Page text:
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Penticton brings in new rates for park donations
Dedicating a picnic table in 2013 is going to be more expensive as Penticton updates its park donation policy, including a new pricing structure.
In 2012, the cost to donate or dedicate a bench was set at $1,400 and a picnic table at $1,200. Those rates will rise to $2,500 and $3,000, respectively, in the first increase the program has seen since 2003.
“The picnic table rates were below cost and the city did that strategically to raise more donations for picnic tables. In actuality we were subsidizing the installation of tables, but at the end of the day, we got a lot of donations that way,” said parks supervisor Jeff Lynka, adding that the policy served its purpose, resulting in nearly every bench and table being donated.
Since 1996, through the current gifting program, Penticton has received over $357,000 in donations resulting in 237 park benches, 50 permanent picnic tables and 27 trees.
“We are finding that potential donors keep knocking on our door, wanting to donate to our infrastructure, and benches and tables are a really good way to do that. Just about every bench and table we have out there has now been donated,” said Lynka, explaining that the desire is now to redirect donors into other infrastructure, like bike racks and planters.
However, some councillors are concerned that the price jump may discourage donations instead.
“I am concerned that this will inhibit the wonderful response you’ve cultivated with the community. If we set the bar too high and the portion coming from the community donating falls off, I think we lose,” said Coun. Judy Sentes, who liked some aspects of the policy revision, but was concerned that the city would end up carrying the load for the full cost of the benches and tables.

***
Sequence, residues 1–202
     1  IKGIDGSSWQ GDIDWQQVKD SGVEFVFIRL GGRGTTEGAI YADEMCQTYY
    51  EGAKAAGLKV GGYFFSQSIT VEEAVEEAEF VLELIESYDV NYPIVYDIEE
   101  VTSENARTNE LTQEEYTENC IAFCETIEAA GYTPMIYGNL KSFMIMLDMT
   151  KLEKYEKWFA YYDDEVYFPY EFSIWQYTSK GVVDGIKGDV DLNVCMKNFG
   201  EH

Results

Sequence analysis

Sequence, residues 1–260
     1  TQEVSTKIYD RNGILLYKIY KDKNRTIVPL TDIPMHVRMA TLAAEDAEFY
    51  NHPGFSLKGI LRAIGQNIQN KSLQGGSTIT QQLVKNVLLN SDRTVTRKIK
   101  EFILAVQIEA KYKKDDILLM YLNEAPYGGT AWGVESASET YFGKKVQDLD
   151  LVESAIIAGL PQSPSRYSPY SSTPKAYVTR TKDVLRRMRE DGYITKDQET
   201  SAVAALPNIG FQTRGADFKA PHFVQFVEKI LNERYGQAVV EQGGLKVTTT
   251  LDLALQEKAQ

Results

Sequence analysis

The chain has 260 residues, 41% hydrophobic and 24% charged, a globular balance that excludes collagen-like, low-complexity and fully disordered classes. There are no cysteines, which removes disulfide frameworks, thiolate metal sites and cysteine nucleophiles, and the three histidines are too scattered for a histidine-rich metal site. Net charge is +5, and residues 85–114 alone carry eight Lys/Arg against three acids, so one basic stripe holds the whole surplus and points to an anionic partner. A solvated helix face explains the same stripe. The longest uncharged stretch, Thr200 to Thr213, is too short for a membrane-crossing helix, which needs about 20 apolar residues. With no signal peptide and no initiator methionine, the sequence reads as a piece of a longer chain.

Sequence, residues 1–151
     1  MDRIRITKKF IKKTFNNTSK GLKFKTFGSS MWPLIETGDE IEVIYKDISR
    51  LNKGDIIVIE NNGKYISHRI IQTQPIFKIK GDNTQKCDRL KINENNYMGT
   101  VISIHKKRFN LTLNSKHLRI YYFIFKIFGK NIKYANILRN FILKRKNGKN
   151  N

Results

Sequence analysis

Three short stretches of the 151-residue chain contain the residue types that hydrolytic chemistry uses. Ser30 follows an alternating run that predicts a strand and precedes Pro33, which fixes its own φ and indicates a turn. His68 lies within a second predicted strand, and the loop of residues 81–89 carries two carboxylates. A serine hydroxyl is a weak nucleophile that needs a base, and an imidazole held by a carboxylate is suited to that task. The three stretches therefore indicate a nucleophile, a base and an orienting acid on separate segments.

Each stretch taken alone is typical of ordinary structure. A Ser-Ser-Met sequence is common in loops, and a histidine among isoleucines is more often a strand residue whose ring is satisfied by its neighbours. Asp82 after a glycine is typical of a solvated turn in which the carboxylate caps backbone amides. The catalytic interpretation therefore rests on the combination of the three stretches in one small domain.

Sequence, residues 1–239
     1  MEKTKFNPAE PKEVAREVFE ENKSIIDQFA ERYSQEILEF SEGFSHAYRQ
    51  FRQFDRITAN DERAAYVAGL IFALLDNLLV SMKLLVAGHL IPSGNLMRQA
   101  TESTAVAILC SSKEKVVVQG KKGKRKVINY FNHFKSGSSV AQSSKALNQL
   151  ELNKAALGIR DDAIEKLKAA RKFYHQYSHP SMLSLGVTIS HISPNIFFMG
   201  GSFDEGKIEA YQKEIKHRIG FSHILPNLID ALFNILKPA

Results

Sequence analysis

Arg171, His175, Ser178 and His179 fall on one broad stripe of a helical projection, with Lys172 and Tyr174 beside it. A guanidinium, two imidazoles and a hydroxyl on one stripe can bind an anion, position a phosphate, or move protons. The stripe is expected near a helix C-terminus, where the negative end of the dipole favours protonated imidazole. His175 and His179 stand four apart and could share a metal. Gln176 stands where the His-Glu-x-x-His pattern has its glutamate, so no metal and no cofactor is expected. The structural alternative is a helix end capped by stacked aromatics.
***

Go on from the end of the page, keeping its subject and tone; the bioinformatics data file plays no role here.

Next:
“I support the policy, I don’t support the pricing. If we don’t have the gifting program successful, then we are supporting the full cost,” she said. “You have a wonderful program going. I like the way you are enhancing it, I am just concerned that you have adjusted the rates too much.”
According to Lynka’s report, the $2,500 only represents a brand new bench in a brand new location. Refurbished benches and tables would cost $1,600 and $1,200. The new rates will, however, recover all the costs for labour, equipment, materials and administration costs for the initial installation.
The policy has also been expanded to include a wider range of infrastructure and related items, at a variety of costs for the person wishing to donate. A bike rack would be a $1,000 donation to dedicate, while a pet stand or a hanging basket would be a $300 donation. On the higher end of the scale, the list includes a range of sponsorships for park improvement projects, topping out at platinum with a $10,000 donation. Those might include gazebos, park shelters, playground equipment or other large park projects.
“We have just about enough benches in our parks as it is. By raising the price, hopefully it will direct donors to other projects for infrastructure that we really do need,” said Lynka.
“We are well below the donation rates that other cities are asking for these programs. So this new program brings us up to par. If we do set rates and we do find it has deterred donors, we could review it a year from now.”
Penticton city council voted unanimously to endorse the new policy.